April 24, 2018
A recent survey reports that white Americans are more likely to think the arrests of two black men at a Philadelphia Starbucks was an isolated incident and not a sign of a broader societal problem of racial bias.
The survey conducted by HuffPost/YouGov between just April 19 and 20, asks a myriad of questions to white-, black- and Hispanic-identifying Americans about their levels of comfort in public spaces based on their races.
According to the results, white people are less likely to worry they’ll be perceived as doing something wrong than black and Hispanic people, and they are more likely to feel comfortable asking to use the restroom in a store or restaurant where they hadn’t purchased anything.
Perhaps the most controversial result from the survey is that a majority of white respondents believe the mens' arrests was an isolated event. This strikes a harsh comparison to the 57 percent majority of black respondents who beg to differ.
When black respondents were asked whether in the last year they had been treated unfairly in a store or restaurant because of their race or ethnic background, a quarter of respondents said yes. Less than half said no, and 34 percent responded they were unsure.
A note on this survey: Huffpost/YouGov relies on a model-based margin of error, rather than methodology for random probability sampling. This way of looking at responses to a survey relies on the assumption that every response (and respondent) will provide unique responses, and is independent from each other. This is something to keep in mind when analyzing this survey. To take a deeper dive into how the results of the Starbucks survey were compiled, read the explanation on YouGov.com's site.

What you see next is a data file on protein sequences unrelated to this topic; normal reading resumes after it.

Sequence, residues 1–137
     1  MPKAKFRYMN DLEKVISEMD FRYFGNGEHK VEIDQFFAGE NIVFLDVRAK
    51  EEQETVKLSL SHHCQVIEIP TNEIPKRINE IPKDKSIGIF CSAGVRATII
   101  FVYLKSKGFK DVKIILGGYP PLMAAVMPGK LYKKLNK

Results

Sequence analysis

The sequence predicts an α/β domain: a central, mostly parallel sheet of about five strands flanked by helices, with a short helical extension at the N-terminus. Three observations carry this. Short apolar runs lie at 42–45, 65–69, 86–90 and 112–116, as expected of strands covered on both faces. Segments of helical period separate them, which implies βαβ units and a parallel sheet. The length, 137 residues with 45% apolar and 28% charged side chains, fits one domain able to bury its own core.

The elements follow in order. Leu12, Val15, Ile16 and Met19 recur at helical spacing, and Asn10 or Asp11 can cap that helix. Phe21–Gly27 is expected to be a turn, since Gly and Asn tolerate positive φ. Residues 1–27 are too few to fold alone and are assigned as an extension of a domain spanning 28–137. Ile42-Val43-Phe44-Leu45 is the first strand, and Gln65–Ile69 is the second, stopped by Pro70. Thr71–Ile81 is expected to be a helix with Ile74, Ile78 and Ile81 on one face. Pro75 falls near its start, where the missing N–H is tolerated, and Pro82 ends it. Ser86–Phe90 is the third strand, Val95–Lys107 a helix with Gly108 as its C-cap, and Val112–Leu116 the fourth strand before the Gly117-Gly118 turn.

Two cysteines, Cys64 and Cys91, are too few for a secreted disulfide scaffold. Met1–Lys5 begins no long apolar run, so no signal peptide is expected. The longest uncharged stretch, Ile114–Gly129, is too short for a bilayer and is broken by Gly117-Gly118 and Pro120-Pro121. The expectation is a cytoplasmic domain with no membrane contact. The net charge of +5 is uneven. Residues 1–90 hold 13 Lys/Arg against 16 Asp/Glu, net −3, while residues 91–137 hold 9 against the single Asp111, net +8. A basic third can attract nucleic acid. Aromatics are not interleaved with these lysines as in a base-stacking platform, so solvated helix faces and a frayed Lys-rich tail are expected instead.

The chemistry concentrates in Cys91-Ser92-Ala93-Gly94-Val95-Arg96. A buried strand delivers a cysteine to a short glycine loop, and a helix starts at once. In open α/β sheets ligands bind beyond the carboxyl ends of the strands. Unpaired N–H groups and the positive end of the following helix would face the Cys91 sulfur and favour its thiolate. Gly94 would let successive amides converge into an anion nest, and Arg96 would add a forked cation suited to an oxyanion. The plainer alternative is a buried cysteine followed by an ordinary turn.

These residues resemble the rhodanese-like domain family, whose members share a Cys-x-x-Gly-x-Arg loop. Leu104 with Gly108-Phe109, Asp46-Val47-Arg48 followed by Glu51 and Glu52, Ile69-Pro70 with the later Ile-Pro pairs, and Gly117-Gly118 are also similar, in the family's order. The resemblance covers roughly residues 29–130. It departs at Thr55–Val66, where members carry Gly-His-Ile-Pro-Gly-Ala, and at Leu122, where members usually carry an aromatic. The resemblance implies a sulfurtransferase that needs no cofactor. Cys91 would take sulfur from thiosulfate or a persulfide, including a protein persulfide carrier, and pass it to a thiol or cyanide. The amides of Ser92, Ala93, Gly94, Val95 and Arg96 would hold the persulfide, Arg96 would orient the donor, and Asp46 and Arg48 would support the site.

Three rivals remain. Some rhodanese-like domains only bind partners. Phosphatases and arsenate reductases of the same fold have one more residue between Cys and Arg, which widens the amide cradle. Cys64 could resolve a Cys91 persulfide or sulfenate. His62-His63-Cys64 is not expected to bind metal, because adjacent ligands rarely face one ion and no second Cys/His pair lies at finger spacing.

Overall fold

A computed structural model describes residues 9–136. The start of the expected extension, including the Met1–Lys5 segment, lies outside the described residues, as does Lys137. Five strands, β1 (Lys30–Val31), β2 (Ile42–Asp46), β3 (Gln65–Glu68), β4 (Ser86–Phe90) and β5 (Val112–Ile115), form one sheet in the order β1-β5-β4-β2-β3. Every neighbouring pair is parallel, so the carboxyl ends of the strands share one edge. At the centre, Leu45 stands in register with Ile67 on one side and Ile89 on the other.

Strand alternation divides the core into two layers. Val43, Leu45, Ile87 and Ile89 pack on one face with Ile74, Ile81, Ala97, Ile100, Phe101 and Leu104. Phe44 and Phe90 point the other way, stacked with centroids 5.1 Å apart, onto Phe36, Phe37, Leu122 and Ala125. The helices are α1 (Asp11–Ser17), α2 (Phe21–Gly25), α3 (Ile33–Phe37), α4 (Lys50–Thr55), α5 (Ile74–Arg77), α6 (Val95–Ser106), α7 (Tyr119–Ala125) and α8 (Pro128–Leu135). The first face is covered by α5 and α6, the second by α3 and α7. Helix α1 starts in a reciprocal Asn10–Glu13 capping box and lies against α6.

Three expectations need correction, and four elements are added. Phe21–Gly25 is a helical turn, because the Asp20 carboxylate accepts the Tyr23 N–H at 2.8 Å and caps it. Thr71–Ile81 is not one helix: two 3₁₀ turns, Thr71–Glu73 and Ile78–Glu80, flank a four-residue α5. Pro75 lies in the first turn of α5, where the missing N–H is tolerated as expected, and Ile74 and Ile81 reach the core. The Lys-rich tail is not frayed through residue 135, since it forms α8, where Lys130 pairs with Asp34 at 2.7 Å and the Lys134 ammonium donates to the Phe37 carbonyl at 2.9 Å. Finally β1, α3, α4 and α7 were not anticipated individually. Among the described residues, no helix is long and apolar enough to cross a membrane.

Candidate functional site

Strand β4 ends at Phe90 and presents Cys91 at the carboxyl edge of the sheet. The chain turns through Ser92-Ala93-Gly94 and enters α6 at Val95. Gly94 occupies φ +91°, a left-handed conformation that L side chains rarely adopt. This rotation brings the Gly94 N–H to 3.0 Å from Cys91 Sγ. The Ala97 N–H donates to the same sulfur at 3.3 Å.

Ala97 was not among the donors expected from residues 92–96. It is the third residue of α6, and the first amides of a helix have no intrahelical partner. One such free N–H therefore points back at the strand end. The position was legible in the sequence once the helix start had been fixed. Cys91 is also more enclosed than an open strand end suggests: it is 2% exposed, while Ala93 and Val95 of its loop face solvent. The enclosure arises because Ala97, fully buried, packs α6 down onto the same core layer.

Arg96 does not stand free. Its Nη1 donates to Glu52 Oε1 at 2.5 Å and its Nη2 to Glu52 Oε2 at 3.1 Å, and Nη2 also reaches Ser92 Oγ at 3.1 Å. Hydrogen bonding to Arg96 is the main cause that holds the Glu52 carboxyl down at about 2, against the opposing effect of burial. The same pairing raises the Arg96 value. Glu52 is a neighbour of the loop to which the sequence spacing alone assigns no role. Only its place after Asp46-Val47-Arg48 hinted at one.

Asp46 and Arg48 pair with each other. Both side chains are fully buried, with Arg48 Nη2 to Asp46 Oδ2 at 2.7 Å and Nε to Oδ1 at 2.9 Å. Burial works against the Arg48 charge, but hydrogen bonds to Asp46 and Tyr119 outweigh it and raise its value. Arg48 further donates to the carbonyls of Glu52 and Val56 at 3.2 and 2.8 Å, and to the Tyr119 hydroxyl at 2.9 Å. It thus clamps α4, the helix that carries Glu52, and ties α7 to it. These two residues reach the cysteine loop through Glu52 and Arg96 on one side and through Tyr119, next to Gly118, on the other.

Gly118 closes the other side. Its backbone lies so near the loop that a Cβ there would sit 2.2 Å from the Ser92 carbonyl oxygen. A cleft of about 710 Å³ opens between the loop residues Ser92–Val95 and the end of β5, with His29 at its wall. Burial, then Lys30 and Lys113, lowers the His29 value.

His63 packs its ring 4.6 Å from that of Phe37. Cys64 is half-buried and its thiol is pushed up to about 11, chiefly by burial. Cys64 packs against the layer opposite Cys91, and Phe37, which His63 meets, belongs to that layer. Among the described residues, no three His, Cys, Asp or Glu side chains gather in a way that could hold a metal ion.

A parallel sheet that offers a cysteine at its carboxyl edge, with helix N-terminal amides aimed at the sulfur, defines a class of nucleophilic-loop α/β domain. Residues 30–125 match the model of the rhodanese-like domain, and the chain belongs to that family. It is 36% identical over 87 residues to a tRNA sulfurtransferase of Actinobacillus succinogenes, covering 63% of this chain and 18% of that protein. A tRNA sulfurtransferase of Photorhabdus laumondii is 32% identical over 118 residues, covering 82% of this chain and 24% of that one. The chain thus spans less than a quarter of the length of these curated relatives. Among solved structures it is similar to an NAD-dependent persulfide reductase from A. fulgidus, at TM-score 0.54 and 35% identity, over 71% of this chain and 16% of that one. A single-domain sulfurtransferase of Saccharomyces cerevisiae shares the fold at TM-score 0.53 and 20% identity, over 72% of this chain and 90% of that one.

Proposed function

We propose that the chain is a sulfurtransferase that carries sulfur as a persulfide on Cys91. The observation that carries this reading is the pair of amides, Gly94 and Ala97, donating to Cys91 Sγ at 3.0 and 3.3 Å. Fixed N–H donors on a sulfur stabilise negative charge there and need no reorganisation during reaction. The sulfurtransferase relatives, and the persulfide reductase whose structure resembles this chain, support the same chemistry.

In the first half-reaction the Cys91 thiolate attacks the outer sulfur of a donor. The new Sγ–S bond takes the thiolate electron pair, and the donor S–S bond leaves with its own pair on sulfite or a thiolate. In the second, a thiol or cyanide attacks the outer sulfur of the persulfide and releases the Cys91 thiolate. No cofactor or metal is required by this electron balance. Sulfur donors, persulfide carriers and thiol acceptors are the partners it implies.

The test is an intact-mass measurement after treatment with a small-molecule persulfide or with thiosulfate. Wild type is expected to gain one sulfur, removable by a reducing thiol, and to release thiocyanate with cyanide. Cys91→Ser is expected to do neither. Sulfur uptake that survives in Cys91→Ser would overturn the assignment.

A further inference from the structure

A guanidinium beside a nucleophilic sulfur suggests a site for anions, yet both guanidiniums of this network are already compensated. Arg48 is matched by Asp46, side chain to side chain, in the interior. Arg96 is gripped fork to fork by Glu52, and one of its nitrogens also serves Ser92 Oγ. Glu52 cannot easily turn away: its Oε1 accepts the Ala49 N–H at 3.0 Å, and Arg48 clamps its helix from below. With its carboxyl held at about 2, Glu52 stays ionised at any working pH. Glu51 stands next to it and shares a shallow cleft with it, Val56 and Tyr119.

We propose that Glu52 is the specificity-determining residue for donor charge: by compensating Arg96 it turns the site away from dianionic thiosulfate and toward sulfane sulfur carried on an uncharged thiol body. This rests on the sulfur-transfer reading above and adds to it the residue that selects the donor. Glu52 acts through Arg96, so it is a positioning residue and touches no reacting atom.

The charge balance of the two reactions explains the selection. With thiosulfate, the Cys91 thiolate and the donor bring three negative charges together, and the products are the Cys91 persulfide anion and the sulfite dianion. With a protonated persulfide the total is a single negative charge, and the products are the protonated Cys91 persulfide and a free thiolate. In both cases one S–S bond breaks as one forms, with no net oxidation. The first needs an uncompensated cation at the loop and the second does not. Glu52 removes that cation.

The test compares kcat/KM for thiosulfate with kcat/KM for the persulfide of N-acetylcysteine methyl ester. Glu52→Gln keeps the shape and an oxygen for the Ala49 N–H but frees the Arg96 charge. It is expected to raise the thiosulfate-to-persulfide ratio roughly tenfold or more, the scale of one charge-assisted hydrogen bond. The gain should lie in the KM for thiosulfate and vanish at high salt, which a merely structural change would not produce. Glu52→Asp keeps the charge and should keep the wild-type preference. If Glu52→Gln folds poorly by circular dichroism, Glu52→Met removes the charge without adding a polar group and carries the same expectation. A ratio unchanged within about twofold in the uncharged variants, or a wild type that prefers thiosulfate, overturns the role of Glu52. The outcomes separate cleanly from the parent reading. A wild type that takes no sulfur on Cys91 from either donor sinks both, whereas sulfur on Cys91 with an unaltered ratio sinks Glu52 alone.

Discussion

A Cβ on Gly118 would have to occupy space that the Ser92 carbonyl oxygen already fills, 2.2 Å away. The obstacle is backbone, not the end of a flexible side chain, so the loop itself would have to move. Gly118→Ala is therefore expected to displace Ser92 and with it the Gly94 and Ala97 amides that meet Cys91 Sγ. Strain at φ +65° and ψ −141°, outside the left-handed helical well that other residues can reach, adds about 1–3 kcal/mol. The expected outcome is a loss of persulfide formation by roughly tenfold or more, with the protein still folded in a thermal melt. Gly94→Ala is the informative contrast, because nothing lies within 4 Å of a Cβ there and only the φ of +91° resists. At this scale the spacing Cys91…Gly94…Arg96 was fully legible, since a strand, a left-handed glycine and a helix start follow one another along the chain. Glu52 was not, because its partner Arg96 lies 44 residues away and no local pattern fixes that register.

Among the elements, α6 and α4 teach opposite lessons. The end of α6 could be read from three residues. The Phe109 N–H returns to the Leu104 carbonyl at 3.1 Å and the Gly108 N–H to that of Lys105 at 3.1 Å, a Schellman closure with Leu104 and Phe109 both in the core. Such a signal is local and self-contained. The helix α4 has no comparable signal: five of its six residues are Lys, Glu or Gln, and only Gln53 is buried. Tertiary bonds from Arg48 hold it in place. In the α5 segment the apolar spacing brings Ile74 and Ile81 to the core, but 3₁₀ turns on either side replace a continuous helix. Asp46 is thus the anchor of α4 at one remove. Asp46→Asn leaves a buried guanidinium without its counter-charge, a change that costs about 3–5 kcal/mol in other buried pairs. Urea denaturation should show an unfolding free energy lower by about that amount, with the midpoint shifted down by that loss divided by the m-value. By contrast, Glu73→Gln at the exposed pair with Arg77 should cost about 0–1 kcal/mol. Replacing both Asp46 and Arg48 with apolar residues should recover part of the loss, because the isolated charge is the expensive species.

OK, moving on.
Interestingly, the survey also politicizes the recent events. Respondents were asked who they voted for in the 2016 presidential election, and then asked if the Starbucks incident represents a broader pattern of racial bias. Data shows that 69 percent of Hillary Clinton voters affirmed this, while just 9 percent of President Trump voters said the same.
More than half of Trump voters reported that Starbucks is doing too much in response to the incident.
In his apology tour, Starbucks CEO Kevin Johnson has come to Philadelphia to meet with Mayor Jim Kenney and talked to Police Commissioner Richard Ross. And on May 29, Starbucks will close its U.S. stores to conduct training in “racial-bias education.”
“This is not who we are and it’s not who we’re going to be,” Johnson said in an apology video. “We’re going to learn from this and we’ll be better for it.”
He also cited changes to expected policy and practices of the company and additional store manager training. Johnson did not, however, cast blame on the store manager who called 911 on the two men after only two minutes. He called it “misplaced blame,” and instead a “management issue.”
That store manager has since left her position, according to a Starbucks spokesperson that told The Inquirer, after a “mutual” agreement.